June 16, 2019

April 28, 2019

Please reload

Recent Posts

Lift's 3 Core Values

January 25, 2018

Please reload

Featured Posts

3 Steps to Healthy Confrontation

March 21, 2017


Many people think of confrontation as though it will result in the picture above: 2 people facing off, anger exploding out of you, resulting in a broken relationship... in other words confrontation is BAD.


But is confrontation a bad thing? The truth is when there is cause for a confrontation, chances are your relationship is on its way to becoming broken IF you don't do something about it. The English word "confront" can be broken up into "con" which in Latin means "with", and "front" which literally relates to the "forehead" - the face; the front of the person. In its simplest form, a confrontation is simply communicating face-to-face with another person. It is placing an importance on the conversation, not brushing it off as a "by the way" thing, and connecting heart-to-heart with another person.


As I spoke about on Sunday, conflict often occurs because of UNMET EXPECTATIONS. I also spoke about how often that unmet expectation comes from the fact that the very thing you were expecting was not spoken out - it was a thought. A confrontation around unmet expectations can lead to better understanding between both parties, a healing over of hurts, and a plan to move forward. Here are some of my thoughts about how we can have healthy confrontations.


1. Choose a time wisely.

As mentioned already, a confrontation should never be a "by the way" style conversation topic. Why? Because it feels like a sneaky jab to the other person! It says, "I don't really want to talk about this, but I want you to know how I feel." It doesn't allow for a face to face moment to talk. So choose your time to bring this up. Preferably a time when you can talk things out and not be in a rush to go somewhere or do something else.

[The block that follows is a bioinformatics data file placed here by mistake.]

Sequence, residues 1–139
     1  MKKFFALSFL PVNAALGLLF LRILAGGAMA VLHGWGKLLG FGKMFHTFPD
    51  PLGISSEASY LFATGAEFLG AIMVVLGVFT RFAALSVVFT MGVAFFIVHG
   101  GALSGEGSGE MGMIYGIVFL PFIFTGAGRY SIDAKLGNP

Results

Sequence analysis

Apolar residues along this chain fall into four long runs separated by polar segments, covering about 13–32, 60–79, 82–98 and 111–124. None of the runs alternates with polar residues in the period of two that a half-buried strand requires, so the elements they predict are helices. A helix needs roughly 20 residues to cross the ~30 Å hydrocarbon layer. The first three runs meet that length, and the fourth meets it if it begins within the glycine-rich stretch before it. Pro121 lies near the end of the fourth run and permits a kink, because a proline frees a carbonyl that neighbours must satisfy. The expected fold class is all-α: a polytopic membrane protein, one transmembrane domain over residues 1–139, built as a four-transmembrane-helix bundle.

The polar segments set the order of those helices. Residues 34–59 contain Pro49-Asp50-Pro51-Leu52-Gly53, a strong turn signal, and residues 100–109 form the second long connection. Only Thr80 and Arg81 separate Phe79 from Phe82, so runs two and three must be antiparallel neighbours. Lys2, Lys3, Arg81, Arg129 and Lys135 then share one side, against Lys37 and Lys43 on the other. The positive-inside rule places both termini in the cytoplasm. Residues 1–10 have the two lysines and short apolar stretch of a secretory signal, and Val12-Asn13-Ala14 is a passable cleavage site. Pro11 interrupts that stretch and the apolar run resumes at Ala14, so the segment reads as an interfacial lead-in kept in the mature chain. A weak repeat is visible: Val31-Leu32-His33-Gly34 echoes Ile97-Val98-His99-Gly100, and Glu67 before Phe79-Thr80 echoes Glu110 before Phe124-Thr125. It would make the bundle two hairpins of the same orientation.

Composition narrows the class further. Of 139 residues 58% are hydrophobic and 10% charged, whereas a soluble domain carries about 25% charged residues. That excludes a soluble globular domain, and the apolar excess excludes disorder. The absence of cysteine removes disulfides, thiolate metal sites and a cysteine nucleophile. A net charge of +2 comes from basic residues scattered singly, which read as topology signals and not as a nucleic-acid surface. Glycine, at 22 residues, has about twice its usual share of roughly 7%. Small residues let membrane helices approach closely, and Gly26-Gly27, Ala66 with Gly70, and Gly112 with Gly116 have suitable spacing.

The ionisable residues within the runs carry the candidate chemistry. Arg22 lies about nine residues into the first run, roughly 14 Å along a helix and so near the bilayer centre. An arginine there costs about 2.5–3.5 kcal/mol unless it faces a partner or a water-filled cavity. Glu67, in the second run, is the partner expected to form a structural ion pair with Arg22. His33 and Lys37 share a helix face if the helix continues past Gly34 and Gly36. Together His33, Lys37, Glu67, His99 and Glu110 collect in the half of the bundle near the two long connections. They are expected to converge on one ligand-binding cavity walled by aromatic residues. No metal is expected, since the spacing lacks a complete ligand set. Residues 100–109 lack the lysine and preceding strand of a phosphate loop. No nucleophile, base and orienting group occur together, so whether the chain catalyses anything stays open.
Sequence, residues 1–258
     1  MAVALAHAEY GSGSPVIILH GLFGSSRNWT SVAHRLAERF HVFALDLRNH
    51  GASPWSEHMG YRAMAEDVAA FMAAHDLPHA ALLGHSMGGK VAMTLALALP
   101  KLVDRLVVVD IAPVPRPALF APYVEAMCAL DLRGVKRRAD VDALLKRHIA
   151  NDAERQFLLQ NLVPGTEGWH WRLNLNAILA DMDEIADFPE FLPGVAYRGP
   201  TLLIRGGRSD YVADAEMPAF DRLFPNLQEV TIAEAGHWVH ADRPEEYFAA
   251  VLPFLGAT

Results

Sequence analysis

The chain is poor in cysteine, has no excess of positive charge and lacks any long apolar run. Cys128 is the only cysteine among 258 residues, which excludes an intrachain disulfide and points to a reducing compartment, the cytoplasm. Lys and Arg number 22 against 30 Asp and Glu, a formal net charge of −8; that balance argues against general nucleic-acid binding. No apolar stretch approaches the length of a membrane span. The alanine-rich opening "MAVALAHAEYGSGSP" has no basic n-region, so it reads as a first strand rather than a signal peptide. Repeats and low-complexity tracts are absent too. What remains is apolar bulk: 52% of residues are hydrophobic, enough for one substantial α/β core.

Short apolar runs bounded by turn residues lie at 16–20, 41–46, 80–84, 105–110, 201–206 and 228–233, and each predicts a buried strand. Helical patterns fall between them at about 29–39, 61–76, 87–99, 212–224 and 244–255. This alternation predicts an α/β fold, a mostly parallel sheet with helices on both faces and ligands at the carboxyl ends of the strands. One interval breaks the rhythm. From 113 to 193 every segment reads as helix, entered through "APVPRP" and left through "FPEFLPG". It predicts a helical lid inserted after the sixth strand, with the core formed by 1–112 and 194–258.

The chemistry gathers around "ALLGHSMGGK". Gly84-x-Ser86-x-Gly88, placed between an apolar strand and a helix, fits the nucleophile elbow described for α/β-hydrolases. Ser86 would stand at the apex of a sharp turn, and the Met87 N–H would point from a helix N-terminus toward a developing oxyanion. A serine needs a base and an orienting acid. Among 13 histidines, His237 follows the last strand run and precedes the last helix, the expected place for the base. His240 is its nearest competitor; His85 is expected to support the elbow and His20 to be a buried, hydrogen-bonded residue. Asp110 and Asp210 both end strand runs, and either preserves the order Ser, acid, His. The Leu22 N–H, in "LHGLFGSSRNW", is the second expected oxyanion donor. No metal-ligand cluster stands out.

2. Affirm your commitment to the relationship if that is your intention.

Confrontation can be awkward because it can cause one or both parties to question the commitment to the relationship. Affirming your intention to continue on in the relationship can reduce that tension. It also gives you a base to talk about a plan to move forward.


3. Learn to express the unmet expectation verbally, and how it made you feel.

Clarity is so important in confrontation! If you are unable to put into words what your expectation was, how can you expect the other party to understand what it is you want? Don't beat around the bush, and don't try to tone it down. If you did not express that expectation before, apologize for that too! Let the person know that you are not necessarily blaming them for not knowing something you have not told them. Then also help them understand how that unmet expectation made you FEEL! Expressing your feelings help you find healing for them. It is not easy to express feelings, especially if you're like me. I don't think much about how I'm feeling. But I'm learning that it is healthy to acknowledge that I had a certain feeling, and to express it. Plus, if you are a married couple your spouse connects with you best when they know how you feel.


The Bible talks about the importance of mending relationships, of reconciliation.


Matt 5:23-24 - So if you are offering your gift at the altar and there remember that your brother has something against you, leave your gift there before the altar and go. First be reconciled to your brother, and then come and offer your gift.

Let's learn how to do relationships better!


Share on Facebook
Share on Twitter
Please reload

Follow Us